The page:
Saint Mark’s Square (in Italian: Piazza San Marco) is the only square in Venice, and its main tourist destination, with a permanent abundance of photographers, tourists and pigeons. It is attributed to Napoleon Bonaparte, although most probably it should be done to Alfred de Musset, the authorship of the epithet of le plus élégant salon d’Europe (the most beautiful hall of Europe).
The piazza was begun in the 9th century as a small area in front of the original St. Mark’s Basilica. It was extended to its current shape and size in 1177, when the Batari river, which bordered it to the west, and a port that had isolated the Ducal Palace from the square, were grounded. The restructuring was carried out for the meeting of Pope Alexander III with the Emperor Frederick Barba Ruiva.
The square has always been the center of Venice. It was the place where all the important events of the history of the Republic of Venice took place, and it was the base of the archbishopric since century XIX. It has been the focus of many festivals and is an immensely popular place in Italy.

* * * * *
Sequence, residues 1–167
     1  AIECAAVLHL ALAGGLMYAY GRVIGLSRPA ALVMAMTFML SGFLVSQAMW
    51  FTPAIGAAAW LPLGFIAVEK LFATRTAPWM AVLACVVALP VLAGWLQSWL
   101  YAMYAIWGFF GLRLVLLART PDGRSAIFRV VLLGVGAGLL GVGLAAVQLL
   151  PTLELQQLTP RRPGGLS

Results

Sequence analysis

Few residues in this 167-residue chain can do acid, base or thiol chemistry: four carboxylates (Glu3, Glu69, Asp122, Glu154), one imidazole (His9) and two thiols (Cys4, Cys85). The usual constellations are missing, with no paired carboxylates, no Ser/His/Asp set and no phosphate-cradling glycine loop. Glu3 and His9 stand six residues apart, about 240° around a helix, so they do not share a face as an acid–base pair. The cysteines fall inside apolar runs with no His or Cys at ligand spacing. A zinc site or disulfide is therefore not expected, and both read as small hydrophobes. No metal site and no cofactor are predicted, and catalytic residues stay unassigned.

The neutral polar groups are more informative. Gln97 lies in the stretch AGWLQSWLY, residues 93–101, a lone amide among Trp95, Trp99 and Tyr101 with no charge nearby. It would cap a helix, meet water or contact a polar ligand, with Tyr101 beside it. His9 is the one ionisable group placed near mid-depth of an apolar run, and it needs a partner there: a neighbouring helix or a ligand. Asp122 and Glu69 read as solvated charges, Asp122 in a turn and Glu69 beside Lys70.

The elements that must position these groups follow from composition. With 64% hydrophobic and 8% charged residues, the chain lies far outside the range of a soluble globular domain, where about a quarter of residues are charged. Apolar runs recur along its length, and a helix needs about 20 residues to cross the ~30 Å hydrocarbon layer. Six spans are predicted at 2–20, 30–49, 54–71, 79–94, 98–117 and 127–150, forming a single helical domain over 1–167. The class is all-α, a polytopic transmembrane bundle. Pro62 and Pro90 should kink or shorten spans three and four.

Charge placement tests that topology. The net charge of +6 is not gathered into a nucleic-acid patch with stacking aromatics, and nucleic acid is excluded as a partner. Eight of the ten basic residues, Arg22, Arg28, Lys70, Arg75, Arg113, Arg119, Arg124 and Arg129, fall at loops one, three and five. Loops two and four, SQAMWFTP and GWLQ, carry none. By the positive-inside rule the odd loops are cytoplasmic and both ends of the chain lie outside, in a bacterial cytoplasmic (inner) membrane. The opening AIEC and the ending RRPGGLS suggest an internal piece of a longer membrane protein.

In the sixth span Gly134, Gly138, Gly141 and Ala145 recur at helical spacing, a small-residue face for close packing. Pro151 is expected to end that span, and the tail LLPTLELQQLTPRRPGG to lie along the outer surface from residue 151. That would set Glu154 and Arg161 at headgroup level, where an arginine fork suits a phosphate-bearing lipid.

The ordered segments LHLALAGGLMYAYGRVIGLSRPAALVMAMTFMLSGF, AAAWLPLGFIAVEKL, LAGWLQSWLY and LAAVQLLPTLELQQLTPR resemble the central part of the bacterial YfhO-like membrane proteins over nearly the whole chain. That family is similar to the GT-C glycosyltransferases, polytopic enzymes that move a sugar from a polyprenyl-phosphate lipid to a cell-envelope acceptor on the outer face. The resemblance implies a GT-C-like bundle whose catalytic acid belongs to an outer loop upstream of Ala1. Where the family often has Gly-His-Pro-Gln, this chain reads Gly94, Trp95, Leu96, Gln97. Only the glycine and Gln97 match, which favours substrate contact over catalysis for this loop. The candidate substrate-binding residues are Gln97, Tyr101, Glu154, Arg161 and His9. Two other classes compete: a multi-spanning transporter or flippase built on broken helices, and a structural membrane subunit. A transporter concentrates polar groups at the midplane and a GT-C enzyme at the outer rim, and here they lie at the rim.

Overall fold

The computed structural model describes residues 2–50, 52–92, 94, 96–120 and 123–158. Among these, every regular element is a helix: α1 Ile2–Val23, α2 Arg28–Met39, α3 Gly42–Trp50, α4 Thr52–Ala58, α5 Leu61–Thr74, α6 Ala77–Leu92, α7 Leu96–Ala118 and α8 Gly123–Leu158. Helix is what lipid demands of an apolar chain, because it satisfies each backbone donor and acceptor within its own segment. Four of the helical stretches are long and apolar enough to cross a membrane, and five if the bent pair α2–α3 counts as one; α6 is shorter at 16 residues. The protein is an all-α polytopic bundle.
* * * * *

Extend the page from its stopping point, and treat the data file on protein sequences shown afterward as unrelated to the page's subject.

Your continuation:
It was paved at the end of the XIII century with tiles in pattern in spine, with lines that allowed to organize the market and the very frequent ceremonial processions. In 1723 the tiles were replaced by a more complex geometric design, composed of dark volcanic stone with geometric patterns in white stone, in charge of the Venetian architect Andrea Tirali, and this opportunity was used to raise the square in approximately one meter.
In 1890 the pavement was renewed due to the wear following a drawing similar to that of Tirali, but the ovals were eliminated and the western corner was cut to better accommodate the Napoleonic Wing at the end of the square.